New study profiles four communities using out-of-school time to boost equity, academics for students in low-income neighborhoods and low-performing schools
A new report highlights the challenges, successes and lessons learned from four community efforts – in Grand Rapids, Louisville, Memphis and Rochester – to create more and better learning time for students from low-income families or in low-performing schools.
“Expanded Learning, Expanded Opportunity,” a report researched and released by America’s Promise Alliance and funded by the Ford Foundation, profiles collaborative community efforts to use out-of-school time to “reverse the fundamental inequity in learning opportunities that often magnify the disadvantages affecting lower-income students and their families.”
While each of the four communities has a different story to tell, the report distills six critical lessons.
Community collaboration is essential – and challenging. Many communities, the report notes, “still conduct their expanded learning opportunity work in silos, reducing the potential for synergies between schools and community providers and reducing the potential impact on schoolchildren.”
Instead, the report stresses, effective collaboration is essential and must include establishing and upholding quality standards, overcoming traditional turf issues, sharing data, and connecting out-of-school time programs in meaningful ways to academic needs.
Accurately assessing progress is a bottom-line issue that could be a matter of survival for expanded learning programs. None of the four communities studied has yet created a comprehensive system to measure the effectiveness of expanded learning programs, but all see the need.
“In an environment when many school and municipal budgets face cutbacks and competition for finite grant dollars has become more intense,” the report states, “the need for expanded learning opportunity programs to demonstrate positive return on investment is more critical than ever.”
Academic improvement is not the only important outcome for expanding out-of-school time. In Louisville and Grand Rapids, local experts say that increasing access to out-of-school time programs has reduced juvenile crime and interactions with police, which has helped build support from political and business leaders.
Academic progress may be paramount, but the report warns that it shouldn’t be the only measure of success. “Organizers shortchange children if these efforts fail to encompass children’s social-emotional development; help them develop ‘soft’ skills such as perseverance and teamwork that are essential to their success; engage them as motivated learners; and help them explore different ways of learning that complement and reinforce their classroom work.”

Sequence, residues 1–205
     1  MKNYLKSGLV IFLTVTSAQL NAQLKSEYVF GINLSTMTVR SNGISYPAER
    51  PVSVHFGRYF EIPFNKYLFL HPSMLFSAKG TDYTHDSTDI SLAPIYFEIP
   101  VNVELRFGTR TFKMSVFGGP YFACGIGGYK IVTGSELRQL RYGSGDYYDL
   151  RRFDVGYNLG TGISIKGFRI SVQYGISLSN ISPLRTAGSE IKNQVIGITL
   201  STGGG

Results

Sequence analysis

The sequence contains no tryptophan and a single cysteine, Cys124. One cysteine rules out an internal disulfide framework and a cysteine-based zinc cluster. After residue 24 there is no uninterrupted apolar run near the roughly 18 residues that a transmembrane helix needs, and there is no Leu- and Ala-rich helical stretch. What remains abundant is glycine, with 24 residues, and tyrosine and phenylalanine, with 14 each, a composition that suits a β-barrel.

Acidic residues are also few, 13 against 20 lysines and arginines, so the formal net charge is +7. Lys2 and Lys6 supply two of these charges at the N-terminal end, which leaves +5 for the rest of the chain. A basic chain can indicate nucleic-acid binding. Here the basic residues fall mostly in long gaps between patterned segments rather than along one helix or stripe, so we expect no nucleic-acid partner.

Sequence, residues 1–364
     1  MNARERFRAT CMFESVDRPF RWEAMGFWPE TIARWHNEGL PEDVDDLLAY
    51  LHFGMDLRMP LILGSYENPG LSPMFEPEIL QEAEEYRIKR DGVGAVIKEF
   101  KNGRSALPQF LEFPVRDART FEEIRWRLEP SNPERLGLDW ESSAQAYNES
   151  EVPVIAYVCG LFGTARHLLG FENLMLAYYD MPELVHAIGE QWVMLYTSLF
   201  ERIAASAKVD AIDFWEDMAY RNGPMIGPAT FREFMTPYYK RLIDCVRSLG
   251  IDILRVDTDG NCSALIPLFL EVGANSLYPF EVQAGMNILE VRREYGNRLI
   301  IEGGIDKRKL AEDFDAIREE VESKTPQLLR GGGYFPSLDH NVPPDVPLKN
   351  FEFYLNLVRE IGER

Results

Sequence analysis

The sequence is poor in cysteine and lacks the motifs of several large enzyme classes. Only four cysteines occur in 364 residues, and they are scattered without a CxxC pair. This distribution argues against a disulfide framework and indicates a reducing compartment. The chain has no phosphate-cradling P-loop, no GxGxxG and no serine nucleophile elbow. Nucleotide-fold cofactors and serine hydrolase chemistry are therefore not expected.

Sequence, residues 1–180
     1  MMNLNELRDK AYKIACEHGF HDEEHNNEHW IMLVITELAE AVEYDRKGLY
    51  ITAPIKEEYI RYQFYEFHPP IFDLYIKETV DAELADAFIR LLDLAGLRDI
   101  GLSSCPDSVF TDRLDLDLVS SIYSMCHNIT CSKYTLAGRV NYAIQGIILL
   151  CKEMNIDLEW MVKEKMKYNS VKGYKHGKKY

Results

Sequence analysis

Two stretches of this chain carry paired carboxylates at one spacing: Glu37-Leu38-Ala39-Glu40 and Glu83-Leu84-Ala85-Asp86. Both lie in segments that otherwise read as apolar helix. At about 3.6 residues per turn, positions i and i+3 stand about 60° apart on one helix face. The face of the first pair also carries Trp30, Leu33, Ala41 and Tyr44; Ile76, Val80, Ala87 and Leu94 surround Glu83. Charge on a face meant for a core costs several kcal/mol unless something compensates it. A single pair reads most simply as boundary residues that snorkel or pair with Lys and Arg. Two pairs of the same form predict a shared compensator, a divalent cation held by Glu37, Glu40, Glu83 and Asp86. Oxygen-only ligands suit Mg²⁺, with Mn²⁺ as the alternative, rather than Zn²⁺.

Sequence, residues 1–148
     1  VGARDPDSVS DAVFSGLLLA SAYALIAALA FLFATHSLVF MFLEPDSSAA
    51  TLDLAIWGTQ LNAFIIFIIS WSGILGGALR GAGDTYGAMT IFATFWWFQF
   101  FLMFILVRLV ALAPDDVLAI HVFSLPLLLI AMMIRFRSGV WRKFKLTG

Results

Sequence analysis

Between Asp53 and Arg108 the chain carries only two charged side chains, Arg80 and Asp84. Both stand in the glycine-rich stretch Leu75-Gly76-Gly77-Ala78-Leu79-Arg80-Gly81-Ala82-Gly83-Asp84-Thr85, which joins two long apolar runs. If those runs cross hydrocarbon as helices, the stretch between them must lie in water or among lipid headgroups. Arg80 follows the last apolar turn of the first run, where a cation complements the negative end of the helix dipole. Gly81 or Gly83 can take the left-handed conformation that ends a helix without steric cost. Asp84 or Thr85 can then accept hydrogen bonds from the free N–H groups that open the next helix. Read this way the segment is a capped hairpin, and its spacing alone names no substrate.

A well-designed effort to promote more and better learning requires cities to re-think a number of seemingly unrelated issues as well. Louisville’s experience illustrates the importance of transportation after school to connect students with programs.
“Delivering equity in access to learning opportunities means not only targeting populations with unequal access now,” the report states, “it also means seeing to it that children have safe routes to school and out-of-school-time activities, safe neighborhoods where they can take part in such programs, and strong local institutions.”
Expanded learning relates directly to college and career readiness, regardless of the age of the children involved. Out-of-school-time efforts can target college and career readiness if, for example, they help children read at grade level in third grade and improve their chances of staying in school when older.
“Communities should take a long-term view in designing their expanded learning opportunity initiatives,” the report advises, “giving as much consideration to programs that help younger students succeed as to high schoolers.”
Young people need to have a voice in designing expanded learning opportunities. “Students too often remain objects to be assessed and addressed rather than voices to be heard and active participants in program design,” the study notes. “If expanded learning opportunities are to be anything more than simply longer versions of traditional school days and routines, youth voice will be essential to the success of the effort.”
The report concludes with a strong statement on the importance of using out-of-school time to help achieve equity: “Expanded learning opportunity efforts that focus on education and ignore equity inadequately serve the children they are intended to help, even if they improve reading levels and math scores. Working to make learning better without doing more to address the gap in resources and opportunities for low-income children will fail to make the promise of America real for every child.”
The 5 Promises represent conditions children need to achieve adult success. The collective work of the Alliance involves keeping these promises to America’s youth. This article relates to the promises highlighted below: